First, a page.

21. Clark MR (1997) IgG effector mechanisms. Chem Immunol 65:88–110PubMedGoogle Scholar
  22. Colle JH, Perret R, Truffa-Bachi P (1987) Hybrid polypeptide heavy chains produced by two hybridoma lines. Mol Immunol 24:39–46PubMedCrossRefGoogle Scholar
  23. Crawley A, Wilkie BN (2003) Porcine Ig isotypes: function and molecular characteristics. Vaccine 21:2911–2922PubMedCrossRefGoogle Scholar
  24. Dall’Acqua WF, Cook KE, Damschroder MD, Woos RM, Wu H (2006) Modulation of the effector functions of a human IgG1 through engineering of its hinge. J Immunol 177:1129–1138PubMedGoogle Scholar
  25. Deisenhofer J (1981) Crystallographic refinement and atomic models of a human Fc fragment and its complex with fragment B of protein A from Staphylococcus aureus at 2.9- and 2.8-A resolution. Biochem 20:2361–2370CrossRefGoogle Scholar
  26. Duncan AR, Winter G (1988) The binding site for C1q on IgG. Nature 332:738–740PubMedCrossRefGoogle Scholar
  27. Emanuel EJ, Brampton AD, Burton DR, Dwek RA (1982) Formation of complement subcomponent C1q–immunoglobulin G complex. Thermodynamic and chemical-modification studies. Biochem J 205:361–372PubMedGoogle Scholar
  28. Franek F, Riha I (1964) Purification and structural characterization of 5 S γ-globulin of newborn pigs. Immunochemistry 1:49–63PubMedCrossRefGoogle Scholar
  29. Franklin EC, Lowenstein J, Bigelow B, Meltzer M (1964) Heavy chain disease—a new disorder of serum γ-globulins. Am J Med 37:332–350PubMedCrossRefGoogle Scholar
  30. Gaboriaud C, Juanhuix J, Gruez A, Lacroix M, Darnault C, Pignol D, Verger D, Fontecilla-Camps JC, Arlaud GJ (2003) The crystal structure of the globular head of complement protein C1q provides a basis for its versatile recognition properties. J Biol Chem 278:46974–46982PubMedCrossRefGoogle Scholar
  31. Grey HM, Abel CA, Jount WJ, Kunkel HG (1968) A subclass of human γA-globulins (γA2) which lacks the disulfide bonds linking heavy and light chains. J Exp Med 128:1223–1236PubMedCrossRefGoogle Scholar
  32. Hamers-Castermann C, Atarhouch T, Muyldermans S, Robinson G, Hamers C, Songa EB, Bendahman N, Hamers R (1993) Naturally occurring antibodies devoid of light chains. Nature 363:446–448CrossRefGoogle Scholar
  33. Hunkapillar T, Hood L (1989) Diversity of the immunoglobulin gene superfamily. Adv Immunol 44:1–63CrossRefGoogle Scholar
  34. Idusogie EE, Presta LG, Gazzano-Santoro H, Totpal K, Wong PY, Ultsch M, Meng YG, Mulkerrin MG (2000) Mapping of the C1q binding site on rituxan, a chimeric antibody with a human IgG1 Fc. J Immunol 164:4178–4184PubMedGoogle Scholar
  35. Janeway CA Jr, Travers P, Walport M, Shlomchik MJ (2005) Immunobiology Garland Press, N.Y. 823 ppGoogle Scholar
  36. Kacskovics I, Sun J, Butler JE (1994) Five subclasses of swine IgG identified from the cDNA sequences of a single animal. J Immunol 153:3566–3573Google Scholar
  37. Kacskovics I, Mayer B, Kis Z, Frenyo LV, Zhao Y, Muyldermans S, Hammarstrom L (2006) Cloning and characterization of the dromedary (Camelus dromedarius) neonatal Fc receptor (drFcRn). Dev Comp Immunol 30:1203–1215PubMedCrossRefGoogle Scholar
  38. Kaltreider HB, Johnson JS (1972) Porcine immunoglobulins. I. Identification of subclasses and preparation of specific antisera. J Immunol 109:992–998PubMedGoogle Scholar
  39. Kehoe JM, Capra JD (1974) Nature and significance of immunoglobulin subclasses. N Y State J Med 74:489–491PubMedGoogle Scholar
  40. Kilian M, Russell MW (2004) Microbial evasion of IgA function. In: Mestecky J, Lamm ME, Strober W, Bienenstock J, McGhee JR, Mayer L (eds) Mucosal immunology. Elsevier/Academic, Amsterdam, pp 291–303Google Scholar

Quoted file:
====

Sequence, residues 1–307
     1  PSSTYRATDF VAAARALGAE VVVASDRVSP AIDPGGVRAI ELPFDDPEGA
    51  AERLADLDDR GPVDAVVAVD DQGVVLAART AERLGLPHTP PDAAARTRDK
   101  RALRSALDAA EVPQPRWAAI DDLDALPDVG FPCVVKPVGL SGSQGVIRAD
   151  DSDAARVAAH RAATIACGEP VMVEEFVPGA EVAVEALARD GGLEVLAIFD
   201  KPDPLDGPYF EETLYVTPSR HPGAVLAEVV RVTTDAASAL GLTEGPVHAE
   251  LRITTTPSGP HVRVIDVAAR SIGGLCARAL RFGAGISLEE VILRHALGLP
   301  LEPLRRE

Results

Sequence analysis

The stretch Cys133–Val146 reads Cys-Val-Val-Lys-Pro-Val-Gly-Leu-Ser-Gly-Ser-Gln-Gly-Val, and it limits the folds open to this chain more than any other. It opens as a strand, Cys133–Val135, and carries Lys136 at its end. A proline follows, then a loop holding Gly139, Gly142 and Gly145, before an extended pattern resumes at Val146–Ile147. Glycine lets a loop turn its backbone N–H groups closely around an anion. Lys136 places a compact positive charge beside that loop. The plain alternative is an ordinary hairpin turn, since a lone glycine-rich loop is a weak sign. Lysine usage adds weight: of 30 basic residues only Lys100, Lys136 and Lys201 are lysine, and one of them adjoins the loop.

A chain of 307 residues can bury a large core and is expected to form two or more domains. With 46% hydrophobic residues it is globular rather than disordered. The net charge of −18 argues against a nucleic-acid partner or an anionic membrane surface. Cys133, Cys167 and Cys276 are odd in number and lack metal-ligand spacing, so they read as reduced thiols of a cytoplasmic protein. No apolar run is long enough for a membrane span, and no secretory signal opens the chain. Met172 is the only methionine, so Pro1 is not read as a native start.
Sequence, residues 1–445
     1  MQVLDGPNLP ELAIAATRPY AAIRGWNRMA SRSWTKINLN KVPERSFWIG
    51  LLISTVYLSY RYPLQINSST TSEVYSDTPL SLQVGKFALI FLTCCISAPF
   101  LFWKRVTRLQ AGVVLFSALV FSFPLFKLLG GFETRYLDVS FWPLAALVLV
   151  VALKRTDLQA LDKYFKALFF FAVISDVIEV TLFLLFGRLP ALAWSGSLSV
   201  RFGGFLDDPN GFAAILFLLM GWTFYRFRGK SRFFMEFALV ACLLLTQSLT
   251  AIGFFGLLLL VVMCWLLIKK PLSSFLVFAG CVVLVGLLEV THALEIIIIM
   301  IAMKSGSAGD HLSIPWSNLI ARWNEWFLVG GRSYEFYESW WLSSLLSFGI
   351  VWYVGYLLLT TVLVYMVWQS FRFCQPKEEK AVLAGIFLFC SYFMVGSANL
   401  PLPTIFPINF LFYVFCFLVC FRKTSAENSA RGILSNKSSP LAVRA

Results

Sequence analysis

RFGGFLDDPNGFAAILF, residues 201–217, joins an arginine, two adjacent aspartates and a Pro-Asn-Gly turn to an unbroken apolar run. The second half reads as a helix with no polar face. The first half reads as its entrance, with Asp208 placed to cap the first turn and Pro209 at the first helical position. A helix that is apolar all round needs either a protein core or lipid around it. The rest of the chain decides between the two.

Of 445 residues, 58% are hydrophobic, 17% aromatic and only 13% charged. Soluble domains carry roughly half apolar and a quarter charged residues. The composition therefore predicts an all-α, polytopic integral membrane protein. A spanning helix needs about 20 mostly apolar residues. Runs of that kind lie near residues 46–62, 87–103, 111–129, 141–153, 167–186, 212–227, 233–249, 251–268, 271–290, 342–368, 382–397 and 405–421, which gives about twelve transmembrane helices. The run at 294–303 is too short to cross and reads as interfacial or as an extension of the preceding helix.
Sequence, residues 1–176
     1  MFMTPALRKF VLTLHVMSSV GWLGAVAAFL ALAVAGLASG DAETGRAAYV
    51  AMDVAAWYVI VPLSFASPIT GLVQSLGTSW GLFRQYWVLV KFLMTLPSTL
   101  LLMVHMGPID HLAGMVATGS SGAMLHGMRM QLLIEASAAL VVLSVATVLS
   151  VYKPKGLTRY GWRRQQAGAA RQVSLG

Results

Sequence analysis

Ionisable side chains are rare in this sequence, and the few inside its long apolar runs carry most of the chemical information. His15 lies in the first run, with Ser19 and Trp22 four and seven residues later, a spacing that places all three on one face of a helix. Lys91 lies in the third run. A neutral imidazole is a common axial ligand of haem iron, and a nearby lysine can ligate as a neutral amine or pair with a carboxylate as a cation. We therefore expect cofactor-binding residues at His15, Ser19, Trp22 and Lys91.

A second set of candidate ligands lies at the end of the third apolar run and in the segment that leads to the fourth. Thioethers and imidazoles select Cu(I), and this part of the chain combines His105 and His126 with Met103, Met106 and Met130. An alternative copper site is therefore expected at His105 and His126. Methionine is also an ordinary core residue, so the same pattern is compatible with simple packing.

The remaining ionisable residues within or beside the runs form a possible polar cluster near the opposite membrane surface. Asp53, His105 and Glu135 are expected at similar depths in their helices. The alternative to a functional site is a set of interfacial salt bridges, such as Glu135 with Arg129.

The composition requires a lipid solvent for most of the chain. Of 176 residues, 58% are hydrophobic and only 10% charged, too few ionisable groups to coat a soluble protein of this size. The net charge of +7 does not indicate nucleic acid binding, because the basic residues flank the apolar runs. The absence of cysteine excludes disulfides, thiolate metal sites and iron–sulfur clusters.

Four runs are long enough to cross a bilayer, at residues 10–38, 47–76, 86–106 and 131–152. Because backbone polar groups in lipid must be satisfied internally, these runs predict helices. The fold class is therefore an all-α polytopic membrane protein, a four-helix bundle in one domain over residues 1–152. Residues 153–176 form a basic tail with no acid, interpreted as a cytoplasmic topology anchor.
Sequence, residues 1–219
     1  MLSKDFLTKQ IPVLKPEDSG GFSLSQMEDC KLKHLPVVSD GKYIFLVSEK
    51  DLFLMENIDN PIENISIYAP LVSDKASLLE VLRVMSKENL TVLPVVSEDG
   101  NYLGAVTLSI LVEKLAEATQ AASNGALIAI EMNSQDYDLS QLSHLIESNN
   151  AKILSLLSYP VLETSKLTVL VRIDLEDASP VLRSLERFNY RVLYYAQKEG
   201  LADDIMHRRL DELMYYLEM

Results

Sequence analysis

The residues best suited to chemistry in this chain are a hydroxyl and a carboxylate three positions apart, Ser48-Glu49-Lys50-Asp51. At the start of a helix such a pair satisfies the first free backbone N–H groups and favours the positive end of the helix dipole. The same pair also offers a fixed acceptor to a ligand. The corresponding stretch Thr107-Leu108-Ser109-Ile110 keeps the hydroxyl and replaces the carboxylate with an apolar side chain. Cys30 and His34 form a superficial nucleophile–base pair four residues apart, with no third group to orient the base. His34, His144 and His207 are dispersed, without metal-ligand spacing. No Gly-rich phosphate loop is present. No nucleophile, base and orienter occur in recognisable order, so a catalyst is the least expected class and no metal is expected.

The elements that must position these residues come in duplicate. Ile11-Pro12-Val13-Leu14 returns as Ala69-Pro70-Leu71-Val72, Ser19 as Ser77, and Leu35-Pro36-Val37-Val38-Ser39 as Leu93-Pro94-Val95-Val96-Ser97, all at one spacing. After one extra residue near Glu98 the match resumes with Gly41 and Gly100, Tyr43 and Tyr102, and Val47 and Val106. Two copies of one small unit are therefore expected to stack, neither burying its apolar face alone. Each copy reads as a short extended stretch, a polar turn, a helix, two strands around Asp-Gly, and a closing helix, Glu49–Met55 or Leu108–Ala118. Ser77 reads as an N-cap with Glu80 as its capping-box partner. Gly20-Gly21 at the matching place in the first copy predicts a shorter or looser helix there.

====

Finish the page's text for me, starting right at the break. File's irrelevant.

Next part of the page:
41. Kunkel HG, Natvig JB, Jostin FG (1969) A “lepore” type of hybrid γ globulin. Proc Natl Acad Sci USA 62:144–149PubMedCrossRefGoogle Scholar
  42. Lefranc M-P, Lefranc G (2001) The immunoglobulin facts book. Academic, NYGoogle Scholar
  43. Lefranc M-P, Lefranc G, Rabbitts TH (1982) Inherited deletion of immunoglobulin heavy chain constant region genes in normal individuals. Nature 300:760–762PubMedCrossRefGoogle Scholar
  44. Lemke CD, Haynes JS, Spaete R, Adolphson D, Vorwald A, Lager KM, Butler JE (2004) Lymphoid hyperplasia resulting in immune dysregulation is caused by PRRSV infection in pigs. J Immunol 172:1916–1925PubMedGoogle Scholar
  45. Lopez-Carvalho T, Foote J, Kearney JF (2005) Marginal zone B cells in lymphocyte activation and regulation. Curr Opin Immunol 17:244–250CrossRefGoogle Scholar
  46. Marquart M, Deisenhofer J (1982) The three-dimensional structure of antibodies. Immunol Today 3:160–166CrossRefGoogle Scholar
  47. Martin WL, West AP Jr, Gan L, Bjorkman PJ (2001) Crystal structure at 2.8 A of an FcRn/heterodimeric Fc complex: mechanism of pH-dependent binding. Mol Cell 7:867–877PubMedCrossRefGoogle Scholar
  48. McAleer J, Weber P, Sun J, Butler JE (2005) Antibody repertoire development in fetal and neonatal piglets. XI. The thymic B cell repertoire develops independently from that in blood and mesenteric lymph nodes. Immunology 114:171–183PubMedCrossRefGoogle Scholar
  49. McCall MN, Easterbrook-Smith SB (1989) Comparison of the role of tyrosine residues in human IgG and rabbit IgG in binding of complement subcomponent C1q. Biochem J 257:845–851PubMedGoogle Scholar
  50. Mendicino M, Ramsoondar J, Phelps C, Vaught T, Ball S, Dai Y, LeRoith T, Monahan J, Chen S, Dandro A, Boone J, Jobst P, Vance A, Wertz N, Polejaeva I, Butler J, Ayares D, Wells K (2009) Targeted disruption of the porcine immunoglobulin heavy chain locus produces a B cell null phenotype. Nature Biotechnology (pending)Google Scholar
  51. Mestecky J, Moro I, Kerr MA, Woof JM (2004) Mucosal immunoglobulins. In: Mestecky J, Lamm ME, Strober W, Bienenstock J, McGhee JR, Mayers L (eds) Mucosal immunology. Elsevier/Academic, Burlington, MA, pp 153–181Google Scholar
  52. Metzger JJ, Fougereau M (1967) Characterization of two subclasses of γG immunoglobulin in swine. CR Hebd Seances Acad Sci Ser P Sci Nat 265:724–727Google Scholar
  53. Migone N, Oliviero S, de Lange G, Delacroix DL, Boschis D, Altruda F, Silengo L, DeMarchi M, Carbonara AO (1984) Multiple gene deletions within the human immunoglobulin heavy chain cluster. Proc Natl Acad Sci USA 81:5811–5815PubMedCrossRefGoogle Scholar
  54. Mihaesco E, Gendron M-C, Congy N, Frangione B (1988) Protein ROU, a human IgA hybrid. J Immunol 140:1236–1238PubMedGoogle Scholar